Comforting the dying was as much a part of Palmer’s work as healing the living. “Many a dying message was given to me for far-away friends — many a last farewell was whispered in my ear for the dear wife and children,” she wrote.

“She Outranks Me!”

Palmer worked in numerous hospitals for the next three years, often stationed as close to the front as hospitals were allowed to be. Some postings were fairly comfortable, others grim and under-supplied, forcing her and her men to subsist on hardtack and coffee.  She was often the only woman among hundreds of men, but she later remarked, “Never in my life have I been treated with more respect and consideration, than while a nurse in the Volunteer Army. If a woman respects herself, men will respect her.”

Hiring Now

Palmer expressed great respect for the soldiers in her regiment and for many of their officers and surgeons, but she had harsh words for those who failed to respect her work, such as a camp cook who “seemed to take particular pleasure in foiling in attempts to get additions to a sick man’s rations.”

She was also willing to defy the doctors if she felt it necessary. At one point, she arranged to send a badly wounded soldier to Washington, D.C., without authorization. The doctor, furiously angry at this, threatened to immediately discharge Palmer. She refused to back down and the doctor finally conceded that there was nothing to be done, since the patient was already long gone.

By the time Aunt Becky recounted this story for a Richmond, Va., newspaper in 1900, the single patient had become 14 and she claimed that the angry doctor had taken his complaints to Gen. Ulysses S. Grant, who, she alleged, “laughed and said, ‘I’ve got nothing to say. Aunt Becky outranks me!’”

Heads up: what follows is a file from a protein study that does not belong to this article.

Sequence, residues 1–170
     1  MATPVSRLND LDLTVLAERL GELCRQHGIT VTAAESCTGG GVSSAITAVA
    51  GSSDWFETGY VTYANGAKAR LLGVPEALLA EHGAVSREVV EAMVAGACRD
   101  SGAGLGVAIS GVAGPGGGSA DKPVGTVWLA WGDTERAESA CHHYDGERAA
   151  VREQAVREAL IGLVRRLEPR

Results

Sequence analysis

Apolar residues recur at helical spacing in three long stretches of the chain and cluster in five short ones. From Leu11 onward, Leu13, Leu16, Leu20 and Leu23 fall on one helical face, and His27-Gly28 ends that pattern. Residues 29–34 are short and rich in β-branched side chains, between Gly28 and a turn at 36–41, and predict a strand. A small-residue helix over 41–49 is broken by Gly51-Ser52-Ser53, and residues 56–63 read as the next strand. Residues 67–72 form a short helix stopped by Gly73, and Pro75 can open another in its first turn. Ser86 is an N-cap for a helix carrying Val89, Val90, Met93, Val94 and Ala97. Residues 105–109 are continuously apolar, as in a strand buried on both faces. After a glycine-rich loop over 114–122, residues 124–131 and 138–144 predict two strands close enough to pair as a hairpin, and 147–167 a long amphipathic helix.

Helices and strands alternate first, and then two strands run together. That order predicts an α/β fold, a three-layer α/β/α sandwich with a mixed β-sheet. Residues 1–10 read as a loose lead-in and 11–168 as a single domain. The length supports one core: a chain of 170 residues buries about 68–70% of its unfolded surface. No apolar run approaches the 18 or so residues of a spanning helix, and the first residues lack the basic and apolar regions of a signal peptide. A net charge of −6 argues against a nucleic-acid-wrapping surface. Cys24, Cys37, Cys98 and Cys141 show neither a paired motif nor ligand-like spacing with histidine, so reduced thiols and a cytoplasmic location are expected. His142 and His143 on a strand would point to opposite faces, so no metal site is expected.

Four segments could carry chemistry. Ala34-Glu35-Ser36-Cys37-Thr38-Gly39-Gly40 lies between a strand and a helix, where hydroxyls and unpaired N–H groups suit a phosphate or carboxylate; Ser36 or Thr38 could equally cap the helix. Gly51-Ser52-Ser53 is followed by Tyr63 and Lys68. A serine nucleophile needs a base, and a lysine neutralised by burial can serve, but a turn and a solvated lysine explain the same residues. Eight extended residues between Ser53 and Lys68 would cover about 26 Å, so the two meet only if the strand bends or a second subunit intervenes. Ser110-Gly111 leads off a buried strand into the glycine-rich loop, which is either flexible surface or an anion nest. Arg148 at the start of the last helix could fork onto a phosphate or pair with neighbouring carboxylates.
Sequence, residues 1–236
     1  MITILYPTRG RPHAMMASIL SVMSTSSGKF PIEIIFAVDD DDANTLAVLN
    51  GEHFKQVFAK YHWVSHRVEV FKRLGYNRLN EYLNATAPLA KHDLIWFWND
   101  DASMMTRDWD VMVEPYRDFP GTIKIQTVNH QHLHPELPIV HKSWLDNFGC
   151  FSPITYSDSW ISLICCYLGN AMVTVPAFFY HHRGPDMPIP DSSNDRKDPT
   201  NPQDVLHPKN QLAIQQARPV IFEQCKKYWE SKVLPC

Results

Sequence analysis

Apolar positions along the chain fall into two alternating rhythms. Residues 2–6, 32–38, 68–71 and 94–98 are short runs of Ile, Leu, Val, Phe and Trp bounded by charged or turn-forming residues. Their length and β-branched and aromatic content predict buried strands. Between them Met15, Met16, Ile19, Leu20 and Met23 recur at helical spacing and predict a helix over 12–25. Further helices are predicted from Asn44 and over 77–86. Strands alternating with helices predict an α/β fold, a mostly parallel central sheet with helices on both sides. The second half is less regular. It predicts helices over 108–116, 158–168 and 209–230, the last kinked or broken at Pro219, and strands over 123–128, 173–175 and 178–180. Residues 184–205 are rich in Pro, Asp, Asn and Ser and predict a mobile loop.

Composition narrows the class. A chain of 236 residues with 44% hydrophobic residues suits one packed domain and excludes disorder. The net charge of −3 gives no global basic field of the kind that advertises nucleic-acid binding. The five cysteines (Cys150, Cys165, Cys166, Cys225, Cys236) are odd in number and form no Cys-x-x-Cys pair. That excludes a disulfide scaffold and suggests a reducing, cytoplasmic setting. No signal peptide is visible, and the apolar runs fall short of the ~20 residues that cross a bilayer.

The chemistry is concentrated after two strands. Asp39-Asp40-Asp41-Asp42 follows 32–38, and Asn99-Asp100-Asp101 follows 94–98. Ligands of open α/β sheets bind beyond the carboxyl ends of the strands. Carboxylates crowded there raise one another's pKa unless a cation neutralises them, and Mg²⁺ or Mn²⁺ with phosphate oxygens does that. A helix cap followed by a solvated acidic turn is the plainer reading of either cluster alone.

Getting Paid

When the war ended in 1865, Palmer went to Washington to see Dorothea Dix and “obtain my pay, as it was due”: the princely sum of $12 a month. After being sent on wild goose chases to different government offices, Palmer confronted the Army paymaster, who refused to pay her until Palmer planted herself in a chair in his office and declared, “I shall not go away until I am paid by somebody.”

Although veterans of the war often found themselves in a similar position, the men of the 109th later showed their appreciation by sending “Aunt Becky” a check for $165 from their own pockets. (She wouldn’t receive an Army pension until 1896.)

In 1867, Palmer married a building contractor named David C. Young and moved to Iowa. She also published a memoir about her wartime service, followed by many newspaper interviews and speaking engagements.  Some of her anecdotes seemed to grow in the telling, but when she died in 1908, she was still a well-known war hero, much beloved by the men she had cared for.

Photos above: Sarah A. Palmer’s memoir The Story of Aunt Becky’s Army Life is still in print today. The illustration of an Army nurse in her tent quarters is an etching from that book.


Jon Garrison, RN, MSN, works in pediatric kidney transplant and writes in his spare time about life, health, technology and connection.